The University of Massachusetts Amherst
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The Large Scale Motion of Turbulence in Wind Energy Performance


Friday, December 5, 2014 - 9:00am


Luciano Castillo, Engineering Chair in Wind Energy and Professor, Texas tech University


Gunness Student Center Conference Room, Marcus Hall


Although wind turbines have been well studied from a blade aerodynamics perspective, the interactions among these massive structures and the atmospheric turbulent boundary layer (ATBL) are still not understood in detail. It is important to understand such interactions in order to maximize the energy that can be extracted from the available wind resource.

Consequently, in order to improve the understanding of the vertical transport of momentum and kinetic energy across a boundary layer flow with wind turbines, wind-tunnel experiments were performed to include a scaled down wind farm of 3x5. Particle-image-velocity measurements in a volume surrounding a target wind turbine are used to compute mean velocity and turbulence properties averaged on horizontal planes. The impact of vertical transport of kinetic energy due to turbulence and mean flow correlations is quantified. It is found that the fluxes of kinetic energy associated with the Reynolds shear stresses are of the same order of magnitude as the power extracted by the wind turbines, highlighting the importance of vertical transport of turbulence in the boundary layer and thus in wind farms.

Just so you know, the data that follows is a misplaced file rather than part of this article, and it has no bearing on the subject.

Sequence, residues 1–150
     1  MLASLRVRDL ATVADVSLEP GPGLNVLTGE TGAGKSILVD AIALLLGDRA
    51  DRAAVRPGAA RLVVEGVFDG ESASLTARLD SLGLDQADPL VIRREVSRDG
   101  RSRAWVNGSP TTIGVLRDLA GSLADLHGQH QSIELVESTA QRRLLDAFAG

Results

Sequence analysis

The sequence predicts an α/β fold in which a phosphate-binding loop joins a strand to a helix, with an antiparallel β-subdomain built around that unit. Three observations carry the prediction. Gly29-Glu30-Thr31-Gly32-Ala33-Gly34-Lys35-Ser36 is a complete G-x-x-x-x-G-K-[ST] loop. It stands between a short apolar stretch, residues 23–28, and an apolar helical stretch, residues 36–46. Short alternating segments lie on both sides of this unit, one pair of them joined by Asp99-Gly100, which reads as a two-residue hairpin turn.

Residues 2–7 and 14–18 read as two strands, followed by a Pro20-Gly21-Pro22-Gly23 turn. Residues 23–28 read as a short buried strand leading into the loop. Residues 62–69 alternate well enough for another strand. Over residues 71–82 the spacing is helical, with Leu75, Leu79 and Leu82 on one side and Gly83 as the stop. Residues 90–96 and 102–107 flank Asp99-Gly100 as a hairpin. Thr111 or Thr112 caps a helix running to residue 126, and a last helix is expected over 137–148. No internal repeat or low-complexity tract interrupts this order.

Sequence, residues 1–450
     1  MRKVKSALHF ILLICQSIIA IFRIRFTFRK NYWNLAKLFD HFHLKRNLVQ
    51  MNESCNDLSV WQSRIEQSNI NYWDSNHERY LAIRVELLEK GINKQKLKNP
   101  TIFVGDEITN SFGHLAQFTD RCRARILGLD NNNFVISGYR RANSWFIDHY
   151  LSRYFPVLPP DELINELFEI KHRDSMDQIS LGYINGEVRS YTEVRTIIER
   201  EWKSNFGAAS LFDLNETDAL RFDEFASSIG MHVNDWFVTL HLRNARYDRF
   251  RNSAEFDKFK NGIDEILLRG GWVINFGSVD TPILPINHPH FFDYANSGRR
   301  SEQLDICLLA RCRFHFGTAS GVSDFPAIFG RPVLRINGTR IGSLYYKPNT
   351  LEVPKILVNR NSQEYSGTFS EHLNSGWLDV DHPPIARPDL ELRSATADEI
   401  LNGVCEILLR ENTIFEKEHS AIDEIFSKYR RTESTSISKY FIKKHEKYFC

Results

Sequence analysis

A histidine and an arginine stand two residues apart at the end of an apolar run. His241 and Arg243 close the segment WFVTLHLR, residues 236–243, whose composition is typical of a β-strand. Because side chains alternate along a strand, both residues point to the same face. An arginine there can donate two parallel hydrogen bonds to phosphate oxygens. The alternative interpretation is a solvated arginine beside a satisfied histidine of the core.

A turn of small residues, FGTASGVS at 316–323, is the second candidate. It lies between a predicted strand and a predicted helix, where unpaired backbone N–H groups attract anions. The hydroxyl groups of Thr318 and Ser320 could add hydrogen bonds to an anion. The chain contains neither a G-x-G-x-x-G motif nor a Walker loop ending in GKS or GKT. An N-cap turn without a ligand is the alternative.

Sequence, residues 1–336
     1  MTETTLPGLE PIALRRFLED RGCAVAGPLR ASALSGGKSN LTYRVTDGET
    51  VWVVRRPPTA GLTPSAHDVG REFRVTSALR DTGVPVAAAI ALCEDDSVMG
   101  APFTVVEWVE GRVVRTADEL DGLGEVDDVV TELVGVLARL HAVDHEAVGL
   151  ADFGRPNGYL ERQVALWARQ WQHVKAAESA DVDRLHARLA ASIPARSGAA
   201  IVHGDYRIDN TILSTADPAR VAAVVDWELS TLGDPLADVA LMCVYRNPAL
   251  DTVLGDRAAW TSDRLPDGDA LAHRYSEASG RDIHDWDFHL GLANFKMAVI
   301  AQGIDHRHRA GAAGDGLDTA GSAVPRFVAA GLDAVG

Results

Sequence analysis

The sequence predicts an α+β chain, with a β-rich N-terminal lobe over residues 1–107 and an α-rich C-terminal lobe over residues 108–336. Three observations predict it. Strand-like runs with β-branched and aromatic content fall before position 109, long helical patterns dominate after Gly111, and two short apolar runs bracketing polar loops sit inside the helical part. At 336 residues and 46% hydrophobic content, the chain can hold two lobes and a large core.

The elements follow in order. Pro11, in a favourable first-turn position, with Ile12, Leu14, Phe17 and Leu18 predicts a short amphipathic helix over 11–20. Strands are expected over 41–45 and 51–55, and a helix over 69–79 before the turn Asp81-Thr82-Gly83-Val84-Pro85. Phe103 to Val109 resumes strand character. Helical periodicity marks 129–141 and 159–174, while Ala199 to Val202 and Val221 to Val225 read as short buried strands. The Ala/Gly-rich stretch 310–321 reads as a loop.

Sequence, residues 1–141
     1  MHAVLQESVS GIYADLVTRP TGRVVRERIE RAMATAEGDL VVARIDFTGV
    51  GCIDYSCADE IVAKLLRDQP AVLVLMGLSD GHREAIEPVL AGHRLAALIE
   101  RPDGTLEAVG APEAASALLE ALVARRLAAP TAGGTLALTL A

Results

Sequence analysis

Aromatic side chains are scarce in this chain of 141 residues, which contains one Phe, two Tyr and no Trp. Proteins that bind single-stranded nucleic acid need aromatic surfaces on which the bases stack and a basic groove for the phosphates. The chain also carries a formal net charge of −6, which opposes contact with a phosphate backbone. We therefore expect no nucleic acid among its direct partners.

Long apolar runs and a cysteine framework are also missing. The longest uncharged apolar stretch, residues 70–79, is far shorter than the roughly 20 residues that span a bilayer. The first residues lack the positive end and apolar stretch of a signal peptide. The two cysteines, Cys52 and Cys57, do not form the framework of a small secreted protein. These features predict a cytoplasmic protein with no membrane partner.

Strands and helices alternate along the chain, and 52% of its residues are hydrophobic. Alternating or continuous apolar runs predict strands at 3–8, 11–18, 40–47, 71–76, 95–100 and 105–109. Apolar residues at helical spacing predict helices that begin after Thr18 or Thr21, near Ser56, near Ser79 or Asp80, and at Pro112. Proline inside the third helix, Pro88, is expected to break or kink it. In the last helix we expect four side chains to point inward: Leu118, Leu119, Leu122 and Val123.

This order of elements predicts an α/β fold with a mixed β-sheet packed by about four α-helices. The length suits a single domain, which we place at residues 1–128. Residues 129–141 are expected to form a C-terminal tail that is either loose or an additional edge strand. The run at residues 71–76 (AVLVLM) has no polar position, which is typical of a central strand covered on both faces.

The concept of coherent transfers of energy is employed here as means to uncover the scales responsible for the entrainment of mean kinetic energy into the array. The major contributions to the MKE entrainment are achieved by large-scale motions associated with sums of the Reynolds shear stress, (idiosyncratic) modes (see figure 1). Thus, the sum of the first 9 modes yield 54% of the total energy entrainment, with scales given by L ~ 13D associated with this sum.  From these results, it is clear that scales of the order of the total wind farm size are those, which are critical in determining how much power can be extracted from the atmospheric boundary layer.


Luciano Castillo is the Don Kay and Clay Cash Foundation Engineering Chair in Wind Energy and Professor in the mechanical Engineering Department at Texas Tech University.  He has a PhD in Mechanical Engineering from the State University of New York at Buffalo.  His research interests include:

Modeling & Experimental Wind Energy Array

Single−Blade Aerodynamics for Turbine Blades

Multi−Scale & Asymptotic Methods in Turbulent Boundary Layers

Experimental, Theoretical, & Numerical Fluid Mechanics

Forced Convection Heat Transfer